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“The formal education system doesn’t cater to our different needs. Everything is in English, and English isn’t our first language…  We speak our own language but that language isn’t used in school.  When it comes to exams, they’re not in our language. Our youth find themselves limited because of their scores… Plus, there are no alternatives, all the children have to go to one secondary school with overcrowded classrooms and dormitories.” Laura George, Program Assistant, Amerindian People’s Association, Guyana.

August 9th is International Day of the World’s Indigenous Peoples; this year’s focus is education. Nations frequently provide dismal education to indigenous communities. Youth often encounter discrimination, language barriers, inadequate resources (such as lack of textbooks), poorly trained teachers, few resources & low funding, culturally & linguistically inadequate education, geographic marginalization and outside stressors, such as encroachment on indigenous lands or violence.  For indigenous communities in the rainforest, the situation can be even worse: sometimes their communities lack access to schools altogether, and other times they are forced to travel for hours on foot each day just to attend school.



Not surprisingly, these conditions result in lower enrollment rates, higher dropout rates, low literacy rates and overall poorer educational outcomes. For example, according to the UN, only 55.8% of indigenous youth in Panama completed primary school, compared to 93.3% of non-indigenous youth; the statistics are even worse when looking at high school graduates. While attending school, the education they receive is often substandard: for example 96% of language arts teachers in indigenous communities had no formal schooling beyond 6th grade. With facts like these it is unsurprising that 30% of  indigenous people in Panama are illiterate.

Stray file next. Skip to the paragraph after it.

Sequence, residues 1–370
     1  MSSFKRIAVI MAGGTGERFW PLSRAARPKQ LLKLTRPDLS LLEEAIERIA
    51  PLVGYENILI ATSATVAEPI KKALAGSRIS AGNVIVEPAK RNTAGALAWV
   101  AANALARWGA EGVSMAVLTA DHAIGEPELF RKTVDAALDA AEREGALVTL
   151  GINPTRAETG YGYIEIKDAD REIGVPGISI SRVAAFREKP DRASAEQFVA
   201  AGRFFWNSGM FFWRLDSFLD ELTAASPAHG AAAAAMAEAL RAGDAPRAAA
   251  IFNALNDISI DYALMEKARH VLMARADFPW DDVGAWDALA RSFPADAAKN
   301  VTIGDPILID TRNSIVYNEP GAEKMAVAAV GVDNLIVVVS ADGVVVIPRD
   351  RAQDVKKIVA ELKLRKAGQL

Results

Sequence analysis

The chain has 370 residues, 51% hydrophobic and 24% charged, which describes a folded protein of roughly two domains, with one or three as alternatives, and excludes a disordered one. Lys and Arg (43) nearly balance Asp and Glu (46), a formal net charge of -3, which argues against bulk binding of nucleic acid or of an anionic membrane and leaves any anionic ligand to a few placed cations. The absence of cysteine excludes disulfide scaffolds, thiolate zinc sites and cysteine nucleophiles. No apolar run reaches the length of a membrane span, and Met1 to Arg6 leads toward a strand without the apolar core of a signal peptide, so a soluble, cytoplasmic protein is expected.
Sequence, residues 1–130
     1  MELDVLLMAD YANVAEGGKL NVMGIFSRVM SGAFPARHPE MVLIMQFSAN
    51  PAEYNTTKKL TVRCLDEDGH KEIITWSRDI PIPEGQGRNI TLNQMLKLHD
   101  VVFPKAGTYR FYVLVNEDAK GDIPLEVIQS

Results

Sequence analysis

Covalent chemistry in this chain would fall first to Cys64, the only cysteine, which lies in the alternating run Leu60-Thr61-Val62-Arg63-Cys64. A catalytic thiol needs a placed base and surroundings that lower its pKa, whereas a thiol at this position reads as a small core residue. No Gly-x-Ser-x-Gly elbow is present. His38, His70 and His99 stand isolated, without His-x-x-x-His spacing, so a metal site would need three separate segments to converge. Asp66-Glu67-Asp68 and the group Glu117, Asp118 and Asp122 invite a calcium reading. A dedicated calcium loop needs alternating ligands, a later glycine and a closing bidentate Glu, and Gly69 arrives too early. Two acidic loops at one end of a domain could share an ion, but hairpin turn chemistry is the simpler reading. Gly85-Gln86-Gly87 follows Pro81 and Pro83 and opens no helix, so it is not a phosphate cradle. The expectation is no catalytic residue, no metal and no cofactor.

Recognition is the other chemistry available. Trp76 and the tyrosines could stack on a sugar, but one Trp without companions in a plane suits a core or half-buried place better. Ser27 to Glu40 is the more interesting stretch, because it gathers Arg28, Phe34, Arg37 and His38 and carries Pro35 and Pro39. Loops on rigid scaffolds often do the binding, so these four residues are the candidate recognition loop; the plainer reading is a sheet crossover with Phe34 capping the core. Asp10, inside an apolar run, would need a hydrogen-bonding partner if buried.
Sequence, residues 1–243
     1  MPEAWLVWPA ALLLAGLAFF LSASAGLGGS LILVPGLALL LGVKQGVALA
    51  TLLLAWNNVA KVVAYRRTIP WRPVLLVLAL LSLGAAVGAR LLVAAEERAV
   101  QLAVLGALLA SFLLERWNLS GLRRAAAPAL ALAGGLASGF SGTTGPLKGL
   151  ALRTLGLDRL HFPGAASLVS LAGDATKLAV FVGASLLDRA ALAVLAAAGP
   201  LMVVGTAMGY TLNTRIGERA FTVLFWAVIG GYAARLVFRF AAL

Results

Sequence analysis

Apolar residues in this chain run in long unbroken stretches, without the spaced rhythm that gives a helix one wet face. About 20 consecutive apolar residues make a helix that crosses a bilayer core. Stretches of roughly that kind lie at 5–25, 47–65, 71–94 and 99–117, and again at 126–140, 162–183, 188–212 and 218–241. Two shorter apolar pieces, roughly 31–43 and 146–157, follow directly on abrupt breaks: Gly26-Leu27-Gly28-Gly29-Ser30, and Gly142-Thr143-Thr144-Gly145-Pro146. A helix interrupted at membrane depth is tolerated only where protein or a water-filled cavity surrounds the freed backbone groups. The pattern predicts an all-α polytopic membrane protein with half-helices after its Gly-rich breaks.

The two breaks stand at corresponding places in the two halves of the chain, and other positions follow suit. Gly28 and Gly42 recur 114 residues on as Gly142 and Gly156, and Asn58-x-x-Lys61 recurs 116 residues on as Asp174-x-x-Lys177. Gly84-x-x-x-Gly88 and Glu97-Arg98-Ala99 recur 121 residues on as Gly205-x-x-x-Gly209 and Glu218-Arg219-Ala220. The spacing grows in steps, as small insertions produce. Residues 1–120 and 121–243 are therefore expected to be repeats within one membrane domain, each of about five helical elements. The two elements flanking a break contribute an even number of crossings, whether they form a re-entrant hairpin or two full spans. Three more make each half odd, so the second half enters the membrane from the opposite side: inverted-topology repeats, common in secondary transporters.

In 2009 the suicide rate among Guaraní youth in Brazil was 19 times higher than the national rate.

These disparities, along with educational systems that are indifferent or hostile to indigenous culture, frequently lead to mental health problems. According to UNICEF, youth suicides in indigenous communities is a global phenomenon. For instance, in 2009 the suicide rate among Guaraní youth in Brazil was 19 times higher than the national rate. Lack of education, lack of resources, and poor socio-economic situations are all related to these increasing suicide rates. “Young people may not feel like they belong anywhere or that they’re contributing to the community,” said Dr. Rod McCormick, an indigenous mental health expert. “They might not be connected to the culture or spirituality, and their only real connection is to their peer group.”  

Elivardo Membache, Secretary and Cacique General of the  Congreso General de Tierras Colectivas Emberá y Wounaan of Panama, explains that as the rainforests are destroyed, it is even more important that educational systems incorporate indigenous learning, “The infiltration of western culture has made us lose many of our traditional stories. Our youth are losing their physical connection to our culture–we are losing that reality.”